Indian Air Force to Take Delivery of Its First Dassault Rafale Fighter Jet This Month

The Indian Air Force (IAF) will formally take delivery of its first French-made Dassault Rafale fighter aircraft on September 19, according to reports.

The handover ceremony will be held at Dassault Aviation’s facility in Merignac in France and will be attended by Rajnath Singh, the Indian Defence Minister, and Air Chief Marshal B.S. Dhanoa, IAF’s Chief of Air Staff.

In 2016, India signed an inter-governmental agreement with France to purchase 36 Rafale fighter jets in fly-away condition for $8.8 billion. Out of the 36 Rafales ordered for the IAF, 28 are single-seat jets, designated Rafale EH, and the remaining are dual-seat jets, designated Rafale DH.

The first batch of Rafale jets are scheduled to arrive in India in April-May next year and all the 36 jets ordered will arrive in the country by September 2022.

The first squadron of Rafales are likely to be stationed at Ambala Air Force Station, one of the most strategically located bases of the IAF around around 220 km from Indo-Pak border. Ambala’s future No. 17 Squadron “Golden Arrows” will have a final strength of 18 jets by 2022. The second squadron of 18 combat jets will be stationed at Hasimara AFS in West Bengal.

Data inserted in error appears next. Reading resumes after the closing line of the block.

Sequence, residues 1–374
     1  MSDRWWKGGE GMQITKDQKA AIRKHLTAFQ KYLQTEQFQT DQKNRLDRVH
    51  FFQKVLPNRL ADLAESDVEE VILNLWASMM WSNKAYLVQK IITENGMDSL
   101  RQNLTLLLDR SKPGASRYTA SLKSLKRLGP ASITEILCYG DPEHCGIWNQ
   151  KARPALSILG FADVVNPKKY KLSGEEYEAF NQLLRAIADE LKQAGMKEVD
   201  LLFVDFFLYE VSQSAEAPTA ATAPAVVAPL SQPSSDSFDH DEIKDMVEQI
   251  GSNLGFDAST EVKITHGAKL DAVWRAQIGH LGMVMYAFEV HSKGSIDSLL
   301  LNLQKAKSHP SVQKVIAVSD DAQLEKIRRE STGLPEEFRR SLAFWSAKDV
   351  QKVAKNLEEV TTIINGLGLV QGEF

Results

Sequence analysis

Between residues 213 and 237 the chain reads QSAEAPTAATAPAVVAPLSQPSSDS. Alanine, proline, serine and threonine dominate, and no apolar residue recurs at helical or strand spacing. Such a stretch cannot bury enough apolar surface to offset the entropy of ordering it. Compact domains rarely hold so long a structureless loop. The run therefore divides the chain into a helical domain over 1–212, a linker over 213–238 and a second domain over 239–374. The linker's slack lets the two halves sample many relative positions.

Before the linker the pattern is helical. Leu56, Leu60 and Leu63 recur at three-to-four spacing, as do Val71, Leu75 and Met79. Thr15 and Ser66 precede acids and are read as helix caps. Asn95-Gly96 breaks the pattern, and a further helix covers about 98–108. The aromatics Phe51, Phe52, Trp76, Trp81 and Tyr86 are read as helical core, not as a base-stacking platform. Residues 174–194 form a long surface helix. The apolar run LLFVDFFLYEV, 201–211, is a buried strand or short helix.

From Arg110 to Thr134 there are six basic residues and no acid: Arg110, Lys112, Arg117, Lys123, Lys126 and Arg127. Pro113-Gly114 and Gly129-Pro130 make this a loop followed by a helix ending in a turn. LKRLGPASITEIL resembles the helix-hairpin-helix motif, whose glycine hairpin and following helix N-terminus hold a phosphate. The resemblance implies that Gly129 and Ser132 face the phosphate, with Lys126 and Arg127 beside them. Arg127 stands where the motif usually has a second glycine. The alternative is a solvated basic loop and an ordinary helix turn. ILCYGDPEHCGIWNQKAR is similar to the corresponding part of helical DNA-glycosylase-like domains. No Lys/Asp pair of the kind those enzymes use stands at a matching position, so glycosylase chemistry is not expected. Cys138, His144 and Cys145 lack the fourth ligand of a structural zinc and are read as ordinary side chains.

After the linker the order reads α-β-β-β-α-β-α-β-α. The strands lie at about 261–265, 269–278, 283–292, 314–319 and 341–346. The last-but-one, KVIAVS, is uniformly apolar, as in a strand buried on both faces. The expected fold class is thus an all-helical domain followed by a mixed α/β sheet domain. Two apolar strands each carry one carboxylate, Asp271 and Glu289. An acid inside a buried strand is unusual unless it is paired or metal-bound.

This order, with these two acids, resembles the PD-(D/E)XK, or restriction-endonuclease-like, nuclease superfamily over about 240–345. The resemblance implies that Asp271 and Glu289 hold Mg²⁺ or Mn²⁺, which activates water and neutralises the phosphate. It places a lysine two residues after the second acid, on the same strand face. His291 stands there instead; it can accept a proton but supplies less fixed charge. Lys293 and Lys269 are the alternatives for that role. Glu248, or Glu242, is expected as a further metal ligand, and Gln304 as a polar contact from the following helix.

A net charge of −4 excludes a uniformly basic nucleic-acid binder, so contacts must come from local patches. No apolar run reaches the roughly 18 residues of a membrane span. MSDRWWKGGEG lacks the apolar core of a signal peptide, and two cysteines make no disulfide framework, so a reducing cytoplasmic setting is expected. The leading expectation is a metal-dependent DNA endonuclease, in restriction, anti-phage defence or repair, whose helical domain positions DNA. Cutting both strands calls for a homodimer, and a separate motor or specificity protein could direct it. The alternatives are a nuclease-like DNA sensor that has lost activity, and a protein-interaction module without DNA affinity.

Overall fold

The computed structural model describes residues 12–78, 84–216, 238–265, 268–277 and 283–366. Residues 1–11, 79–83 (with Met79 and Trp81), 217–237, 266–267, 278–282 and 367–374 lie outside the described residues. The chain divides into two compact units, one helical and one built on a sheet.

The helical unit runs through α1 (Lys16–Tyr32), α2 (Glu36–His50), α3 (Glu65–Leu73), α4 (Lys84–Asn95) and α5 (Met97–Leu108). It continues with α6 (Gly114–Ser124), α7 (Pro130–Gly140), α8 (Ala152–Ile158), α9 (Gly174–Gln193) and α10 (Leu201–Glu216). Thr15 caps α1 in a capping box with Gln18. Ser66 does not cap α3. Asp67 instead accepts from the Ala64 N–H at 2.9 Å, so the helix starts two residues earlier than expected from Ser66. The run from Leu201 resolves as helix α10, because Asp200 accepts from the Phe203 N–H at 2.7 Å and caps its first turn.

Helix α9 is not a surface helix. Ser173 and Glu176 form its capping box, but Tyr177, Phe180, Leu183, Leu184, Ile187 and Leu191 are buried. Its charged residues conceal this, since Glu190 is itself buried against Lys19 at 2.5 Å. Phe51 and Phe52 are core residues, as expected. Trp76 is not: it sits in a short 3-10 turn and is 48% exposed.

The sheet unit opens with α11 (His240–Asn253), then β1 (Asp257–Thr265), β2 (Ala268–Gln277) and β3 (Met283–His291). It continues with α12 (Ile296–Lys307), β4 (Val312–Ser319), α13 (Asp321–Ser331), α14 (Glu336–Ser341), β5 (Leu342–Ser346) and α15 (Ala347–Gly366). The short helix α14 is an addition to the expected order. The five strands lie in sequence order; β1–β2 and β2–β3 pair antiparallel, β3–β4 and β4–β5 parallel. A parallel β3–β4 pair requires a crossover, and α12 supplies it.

Dassault Rafale is a twin-engine, canard delta wing, multirole fighter aircraft designed and built by French aircraft manufacturer, Dassault Aviation.

Equipped with a wide range of weapons, the Rafale is intended to perform air supremacy, interdiction, aerial reconnaissance, ground support, in-depth strike, anti-ship strike and nuclear deterrence missions. The Rafale is referred to as an “omnirole” aircraft by Dassault.

The aircraft is equipped with the RBE2 AA active electronically scanned array (AESA) radar and the OSF (optronique secteur frontal) infra-red search and track (IRST) system.

The Rafale carries a 30 mm GIAT 30 DEFA cannon and can be armed with SCALP EG cruise missiles, MBDA Meteor beyond-visual-range air-to-air missiles and AM39 Exocet sea skimming anti-ship missiles. The ones used by French Air Force is capable of conducting nuclear strikes when armed with ASMP-A cruise missiles.

Rafales are currently operated by French Air Force, French Navy (carrier-capable version designated Rafale M), Egyptian Air Force and Qatar Emiri Air Force.



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